Soon after Beijing’s most recent major confrontation with the United States over Taiwan, Xi Jinping joined a reserve artillery division. At the time, he was a rising official in a Chinese province that faces the disputed island. Later, he had himself photographed in military greens, cap turned backward as he peered through the sights of an antiaircraft gun.
Mr. Xi realised even before he became China’s top leader that showing toughness toward the island’s self-rule is necessary for political survival in the Communist Party, which is China’s main political party.
This lesson looms over him as he considers how to respond in the event that Nancy Pelosi, the speaker of the House of Representatives, visits Taiwan while she is touring Asian countries, as the White House anticipates she would. Her trip started on Monday in Singapore. Since the former speaker, Newt Gingrich, came to the island in 1997, she would be the most senior official from the United States to visit the island since then.
Mr. Xi has portrayed himself as the standard-bearer of a holy cause, which is the unification of Taiwan and China. Beijing views trips to the island by American officials as an assault to that claim, and it is important to note that Mr. If Ms. Pelosi travels to Taiwan, as is widely anticipated, China’s Ministry of Foreign Affairs will threaten her with “severe repercussions,” and China’s military has given ambiguous threats of its willingness to protect the country’s national sovereignty.
However, Mr. Xi is also facing a precarious economic and political time, and careening into a crisis over Taiwan may undermine him even as he gains support from nationalists.
His attention is now centred on a congress of the Communist Party that will take place later this year. At that meeting, he is extremely expected to win support for a third term as the general secretary of the party, breaking the norm of two terms established by his immediate predecessor. He hopes that by orchestrating widespread praise from authorities, he would be able to get a new five-year term and assure that he will continue to control choices about the leadership lineup.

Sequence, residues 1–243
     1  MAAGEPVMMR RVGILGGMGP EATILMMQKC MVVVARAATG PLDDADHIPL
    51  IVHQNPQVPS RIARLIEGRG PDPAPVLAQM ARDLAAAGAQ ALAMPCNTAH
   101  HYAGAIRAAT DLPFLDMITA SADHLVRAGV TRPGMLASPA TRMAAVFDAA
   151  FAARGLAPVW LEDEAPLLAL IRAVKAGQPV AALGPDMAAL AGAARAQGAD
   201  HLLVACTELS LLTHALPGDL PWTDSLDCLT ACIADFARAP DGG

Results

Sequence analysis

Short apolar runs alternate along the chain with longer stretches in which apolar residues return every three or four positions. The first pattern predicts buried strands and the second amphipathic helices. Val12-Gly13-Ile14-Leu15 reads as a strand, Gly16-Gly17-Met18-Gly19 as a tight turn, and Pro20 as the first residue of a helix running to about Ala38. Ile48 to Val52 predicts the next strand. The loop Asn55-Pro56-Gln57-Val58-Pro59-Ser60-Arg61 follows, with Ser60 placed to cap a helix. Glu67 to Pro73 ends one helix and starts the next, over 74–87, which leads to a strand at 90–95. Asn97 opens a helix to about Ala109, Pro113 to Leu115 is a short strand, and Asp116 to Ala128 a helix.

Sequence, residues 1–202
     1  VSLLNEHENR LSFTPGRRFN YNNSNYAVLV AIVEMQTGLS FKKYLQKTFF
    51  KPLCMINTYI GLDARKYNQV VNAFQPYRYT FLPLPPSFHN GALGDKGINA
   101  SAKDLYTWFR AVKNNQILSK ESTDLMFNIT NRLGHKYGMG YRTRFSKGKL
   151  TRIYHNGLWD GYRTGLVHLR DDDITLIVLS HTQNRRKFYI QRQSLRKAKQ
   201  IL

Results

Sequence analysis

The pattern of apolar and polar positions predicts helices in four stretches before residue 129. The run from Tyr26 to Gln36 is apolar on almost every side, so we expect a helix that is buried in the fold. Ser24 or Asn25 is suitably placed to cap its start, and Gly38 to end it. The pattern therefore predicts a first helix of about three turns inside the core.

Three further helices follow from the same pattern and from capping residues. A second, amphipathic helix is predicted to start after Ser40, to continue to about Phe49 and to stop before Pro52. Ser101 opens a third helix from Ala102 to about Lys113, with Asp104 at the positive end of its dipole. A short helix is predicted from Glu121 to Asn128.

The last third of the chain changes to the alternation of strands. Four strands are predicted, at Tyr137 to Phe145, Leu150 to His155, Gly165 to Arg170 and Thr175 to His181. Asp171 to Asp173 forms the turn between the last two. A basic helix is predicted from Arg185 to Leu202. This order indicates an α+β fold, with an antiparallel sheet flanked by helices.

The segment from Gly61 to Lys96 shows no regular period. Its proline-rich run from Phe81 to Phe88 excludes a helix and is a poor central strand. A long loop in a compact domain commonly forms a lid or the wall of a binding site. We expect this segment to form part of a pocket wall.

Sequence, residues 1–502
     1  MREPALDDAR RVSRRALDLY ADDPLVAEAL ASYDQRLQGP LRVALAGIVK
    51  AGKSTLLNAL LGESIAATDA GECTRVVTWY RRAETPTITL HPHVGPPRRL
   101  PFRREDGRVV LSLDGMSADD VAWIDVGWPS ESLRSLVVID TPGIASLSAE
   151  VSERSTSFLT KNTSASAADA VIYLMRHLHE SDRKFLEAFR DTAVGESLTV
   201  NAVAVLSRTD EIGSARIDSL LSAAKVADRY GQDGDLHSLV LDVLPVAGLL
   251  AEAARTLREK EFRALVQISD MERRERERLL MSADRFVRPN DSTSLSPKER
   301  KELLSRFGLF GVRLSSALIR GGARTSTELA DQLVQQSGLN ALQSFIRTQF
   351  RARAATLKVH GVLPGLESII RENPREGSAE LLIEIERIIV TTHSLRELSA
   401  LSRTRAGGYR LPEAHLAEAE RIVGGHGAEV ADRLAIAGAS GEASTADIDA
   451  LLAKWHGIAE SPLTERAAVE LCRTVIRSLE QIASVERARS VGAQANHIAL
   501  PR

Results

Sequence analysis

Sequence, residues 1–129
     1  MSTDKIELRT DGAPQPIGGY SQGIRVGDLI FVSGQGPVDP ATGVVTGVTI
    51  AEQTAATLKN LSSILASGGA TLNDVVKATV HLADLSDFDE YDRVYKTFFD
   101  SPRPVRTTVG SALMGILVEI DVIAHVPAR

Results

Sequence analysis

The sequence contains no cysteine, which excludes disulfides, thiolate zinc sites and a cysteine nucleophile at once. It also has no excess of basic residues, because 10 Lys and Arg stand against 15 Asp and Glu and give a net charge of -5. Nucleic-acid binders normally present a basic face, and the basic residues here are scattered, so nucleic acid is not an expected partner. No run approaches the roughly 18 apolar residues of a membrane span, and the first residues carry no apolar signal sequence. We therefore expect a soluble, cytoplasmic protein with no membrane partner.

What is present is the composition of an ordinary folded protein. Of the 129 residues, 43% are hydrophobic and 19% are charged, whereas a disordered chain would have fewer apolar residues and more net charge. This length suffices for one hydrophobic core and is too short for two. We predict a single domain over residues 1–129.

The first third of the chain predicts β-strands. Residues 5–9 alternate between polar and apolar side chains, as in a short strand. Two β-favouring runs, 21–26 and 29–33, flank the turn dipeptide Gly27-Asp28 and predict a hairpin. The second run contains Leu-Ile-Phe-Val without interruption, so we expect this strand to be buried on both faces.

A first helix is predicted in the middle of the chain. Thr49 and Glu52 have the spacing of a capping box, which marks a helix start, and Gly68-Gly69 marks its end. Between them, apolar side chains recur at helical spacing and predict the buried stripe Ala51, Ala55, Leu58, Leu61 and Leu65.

The fact that China’s economy has slowed down due to Covid outbreaks and shutdowns, as well as the fact that Russia’s protracted conflict in Ukraine has sparked suspicions about Mr. Xi’s connection to President Vladimir V. Putin, have led to muttered reservations about his record. Now, the possibility of Ms. Pelosi meeting with officials from Taiwan might provide a further challenge to Mr. Xi.
Experts say that President Xi Jinping is likely to use displays of military might to convey Beijing’s anger while seeking to avoid a volatile standoff that would spook markets and drag down China’s economy if Ms. Pelosi follows through with her threat to visit Taiwan. Ms. Pelosi has not confirmed whether or not she will visit Taiwan.
Chen Dingding, a professor of international affairs at Jinan University in southern China, predicted that there would be a very strong response, but that it would not spiral out of control. “There will be no doubt about that,” he said.
Last week, Mr. Xi seemed to express his worries when he cautioned President Biden in a call not to “play with fire” and risk self-immolation over Taiwan. He advised President Biden not to risk self-immolation over Taiwan. The language was foreboding, but it was the same language that Mr. Xi used in a conversation with the president of the United States back in November. In their respective public descriptions of their talk, neither Mr. Xi nor Mr. Biden referenced Ms. Pelosi at any point.
According to David Gitter, president of the Center for Advanced China Research, a nonprofit research institute, “This is really midlevel warning rhetoric, not high-level warning rhetoric signalling an appetite for war-level risks.” Gitter was speaking about the rhetoric being used by the Chinese government. “It doesn’t imply that they’re ready to do something incredibly wild, such as directly jeopardise the safety of the speaker,” the author says.
On Monday, a spokeswoman for the National Security Council called for a halt to the escalation of tensions.
In spite of this, China’s ambassador to the United Nations, Zhang Jun, spoke out against the possibility of a visit at a press conference on Monday. He said, “As we can see, such a visit is evidently quite perilous and extremely provocative.” China has said that they would take “firm and powerful actions” to protect their “national sovereignty and territorial integrity” if the United States continues to demand that they go forward with the visit.